For a country of just 300,000 inhabitants, forming a government in Iceland has been strangely laborious.
But on Wednesday, after more than two months of negotiations among seven political parties, this island finally up its mind — a three-party coalition, no less, whose leadership includes a lawmaker who used to play with a punk rock band called Dr. Spock.
“It took a long time, so everybody is just relieved that we have a government and that there is somebody to rule the country,” said Fridrik Palsson, a businessman in the capital, Reykjavik, who supported the conservative Independence Party.
The center-right government, headed by the Independence Party and its junior partners, Regeneration and Bright Future, together hold a slim majority — just 32 seats out of 63 in Parliament.
The Independence leader, Bjarni Benediktsson, will become prime minister, state broadcaster RUV reported. Ottarr Proppe, the leader of Bright Future who once starred in a Eurovision contest with Dr. Spock, will become health minister.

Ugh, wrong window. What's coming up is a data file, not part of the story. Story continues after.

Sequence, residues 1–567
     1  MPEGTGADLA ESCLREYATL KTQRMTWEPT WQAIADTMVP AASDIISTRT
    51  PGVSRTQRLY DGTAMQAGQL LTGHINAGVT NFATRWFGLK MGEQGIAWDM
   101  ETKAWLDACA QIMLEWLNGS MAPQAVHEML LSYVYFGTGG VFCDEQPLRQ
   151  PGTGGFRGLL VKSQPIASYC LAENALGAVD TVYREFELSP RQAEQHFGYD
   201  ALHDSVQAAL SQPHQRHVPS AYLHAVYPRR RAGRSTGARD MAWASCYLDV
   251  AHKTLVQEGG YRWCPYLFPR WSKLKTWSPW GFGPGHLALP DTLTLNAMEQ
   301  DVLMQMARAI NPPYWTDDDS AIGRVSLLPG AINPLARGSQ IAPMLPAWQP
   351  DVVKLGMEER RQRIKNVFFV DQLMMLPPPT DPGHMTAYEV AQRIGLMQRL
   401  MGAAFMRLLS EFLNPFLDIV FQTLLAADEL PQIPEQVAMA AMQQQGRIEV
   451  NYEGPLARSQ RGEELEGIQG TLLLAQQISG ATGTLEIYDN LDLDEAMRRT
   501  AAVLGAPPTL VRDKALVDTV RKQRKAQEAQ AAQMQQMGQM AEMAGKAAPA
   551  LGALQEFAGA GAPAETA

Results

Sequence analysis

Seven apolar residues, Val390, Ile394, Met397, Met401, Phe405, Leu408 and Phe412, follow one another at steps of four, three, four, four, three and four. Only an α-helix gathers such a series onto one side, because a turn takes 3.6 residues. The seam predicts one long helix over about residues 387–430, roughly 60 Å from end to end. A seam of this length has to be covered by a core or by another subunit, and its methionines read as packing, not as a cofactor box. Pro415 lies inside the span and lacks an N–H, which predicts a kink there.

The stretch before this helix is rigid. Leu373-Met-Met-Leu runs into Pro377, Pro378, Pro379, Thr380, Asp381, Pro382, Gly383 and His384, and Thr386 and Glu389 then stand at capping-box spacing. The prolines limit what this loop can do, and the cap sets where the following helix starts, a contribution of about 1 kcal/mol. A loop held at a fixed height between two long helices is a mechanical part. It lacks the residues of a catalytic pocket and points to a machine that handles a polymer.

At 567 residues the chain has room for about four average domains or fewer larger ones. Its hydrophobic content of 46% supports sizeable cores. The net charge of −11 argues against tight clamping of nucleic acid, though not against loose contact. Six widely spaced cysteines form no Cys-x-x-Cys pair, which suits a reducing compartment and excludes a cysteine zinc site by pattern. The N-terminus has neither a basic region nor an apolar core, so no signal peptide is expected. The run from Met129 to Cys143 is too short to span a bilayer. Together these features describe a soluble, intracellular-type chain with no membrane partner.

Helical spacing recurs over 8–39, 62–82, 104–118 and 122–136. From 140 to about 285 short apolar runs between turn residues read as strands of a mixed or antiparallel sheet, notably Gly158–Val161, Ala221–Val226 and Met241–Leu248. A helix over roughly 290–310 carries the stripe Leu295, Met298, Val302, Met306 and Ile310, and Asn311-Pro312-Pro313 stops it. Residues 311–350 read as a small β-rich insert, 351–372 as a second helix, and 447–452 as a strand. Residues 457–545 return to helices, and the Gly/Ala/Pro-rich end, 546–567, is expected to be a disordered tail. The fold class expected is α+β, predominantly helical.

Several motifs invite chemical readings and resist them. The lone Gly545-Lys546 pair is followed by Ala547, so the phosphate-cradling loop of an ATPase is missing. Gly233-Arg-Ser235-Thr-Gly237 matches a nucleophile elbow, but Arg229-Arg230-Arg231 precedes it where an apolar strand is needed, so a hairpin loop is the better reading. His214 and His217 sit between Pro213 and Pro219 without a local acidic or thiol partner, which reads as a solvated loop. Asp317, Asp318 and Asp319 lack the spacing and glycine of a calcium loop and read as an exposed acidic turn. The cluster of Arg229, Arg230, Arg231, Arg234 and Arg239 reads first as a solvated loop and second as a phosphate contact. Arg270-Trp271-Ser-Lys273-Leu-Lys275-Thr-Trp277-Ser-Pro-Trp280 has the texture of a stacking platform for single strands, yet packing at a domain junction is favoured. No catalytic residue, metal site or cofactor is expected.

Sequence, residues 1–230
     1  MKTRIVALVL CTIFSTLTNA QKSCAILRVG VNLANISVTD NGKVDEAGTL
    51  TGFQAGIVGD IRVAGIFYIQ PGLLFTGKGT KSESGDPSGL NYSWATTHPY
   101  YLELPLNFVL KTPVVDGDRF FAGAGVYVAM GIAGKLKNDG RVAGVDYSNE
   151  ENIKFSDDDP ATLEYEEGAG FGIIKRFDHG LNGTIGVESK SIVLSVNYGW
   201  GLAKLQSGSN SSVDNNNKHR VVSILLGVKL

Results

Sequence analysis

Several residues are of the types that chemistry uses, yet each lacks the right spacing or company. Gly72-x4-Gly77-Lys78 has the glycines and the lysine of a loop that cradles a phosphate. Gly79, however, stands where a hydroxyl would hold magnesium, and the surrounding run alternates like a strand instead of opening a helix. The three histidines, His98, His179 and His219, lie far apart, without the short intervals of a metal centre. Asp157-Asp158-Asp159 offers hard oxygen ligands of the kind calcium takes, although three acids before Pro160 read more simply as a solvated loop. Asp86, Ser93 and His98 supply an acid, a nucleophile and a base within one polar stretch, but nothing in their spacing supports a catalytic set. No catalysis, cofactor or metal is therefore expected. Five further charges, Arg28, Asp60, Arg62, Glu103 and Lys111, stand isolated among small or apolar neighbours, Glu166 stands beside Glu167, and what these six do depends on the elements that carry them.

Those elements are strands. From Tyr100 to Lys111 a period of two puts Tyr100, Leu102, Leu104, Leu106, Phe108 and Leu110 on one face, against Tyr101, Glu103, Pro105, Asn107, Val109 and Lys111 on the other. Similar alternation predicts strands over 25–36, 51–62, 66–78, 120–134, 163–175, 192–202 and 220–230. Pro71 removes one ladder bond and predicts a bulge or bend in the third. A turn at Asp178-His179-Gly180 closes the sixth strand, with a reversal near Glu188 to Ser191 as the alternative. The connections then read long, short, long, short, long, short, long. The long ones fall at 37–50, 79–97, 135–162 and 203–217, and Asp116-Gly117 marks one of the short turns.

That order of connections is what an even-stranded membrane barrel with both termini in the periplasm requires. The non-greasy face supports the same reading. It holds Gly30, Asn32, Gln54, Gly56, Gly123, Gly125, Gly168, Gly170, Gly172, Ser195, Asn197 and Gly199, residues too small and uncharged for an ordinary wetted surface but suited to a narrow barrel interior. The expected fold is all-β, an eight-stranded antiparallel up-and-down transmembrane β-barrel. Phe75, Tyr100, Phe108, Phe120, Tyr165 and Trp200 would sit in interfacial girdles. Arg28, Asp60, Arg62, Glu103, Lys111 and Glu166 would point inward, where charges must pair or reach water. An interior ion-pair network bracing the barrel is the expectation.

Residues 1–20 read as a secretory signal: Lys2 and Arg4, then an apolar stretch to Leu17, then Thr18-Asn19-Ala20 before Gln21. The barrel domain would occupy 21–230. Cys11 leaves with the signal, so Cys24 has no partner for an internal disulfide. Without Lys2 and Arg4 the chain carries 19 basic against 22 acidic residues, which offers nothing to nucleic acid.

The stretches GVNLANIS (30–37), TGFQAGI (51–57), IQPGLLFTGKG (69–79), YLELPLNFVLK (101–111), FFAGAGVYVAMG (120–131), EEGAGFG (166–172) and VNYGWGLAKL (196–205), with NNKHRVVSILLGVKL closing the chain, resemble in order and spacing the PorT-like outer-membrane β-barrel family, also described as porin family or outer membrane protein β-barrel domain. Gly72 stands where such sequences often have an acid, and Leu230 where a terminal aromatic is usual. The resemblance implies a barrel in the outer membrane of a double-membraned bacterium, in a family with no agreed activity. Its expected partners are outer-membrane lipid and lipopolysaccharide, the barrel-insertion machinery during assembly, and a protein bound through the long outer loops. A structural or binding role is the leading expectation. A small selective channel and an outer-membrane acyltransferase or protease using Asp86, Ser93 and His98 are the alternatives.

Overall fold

The formation of the new government no doubt came as a relief to many in Iceland, but the lineup of the new administration dashed hopes of radical change.
Many Icelanders had pinned their hopes on the anti-establishment, anarchist-leaning Pirate Party, which made huge gains in parliamentary elections in October but failed to win an outright majority.
The Pirate Party surged in popularity last year, thanks to its promises to root out corruption after the release of the so-called Panama Papers, which revealed the vast hidden wealth of politicians, including prime minister at the time, Sigmundur David Gunnlaugsson. He later stepped down over accusations of a conflict of interest.
In the monthslong stalemate, the Pirate Party was given an opportunity to form a government but failed to secure the support of other left-leaning parties.
Among the most prominent moves that the new administration plans to take is to hold a referendum on European Union membership, Mr. Benediktsson said on Tuesday, a move that is supported by the two junior partners but not widely endorsed by voters.
Like Norway, Iceland is part of the European Economic Area and the regional free-trade association, meaning that it is part of the single market, but its agriculture and fisheries are excluded.
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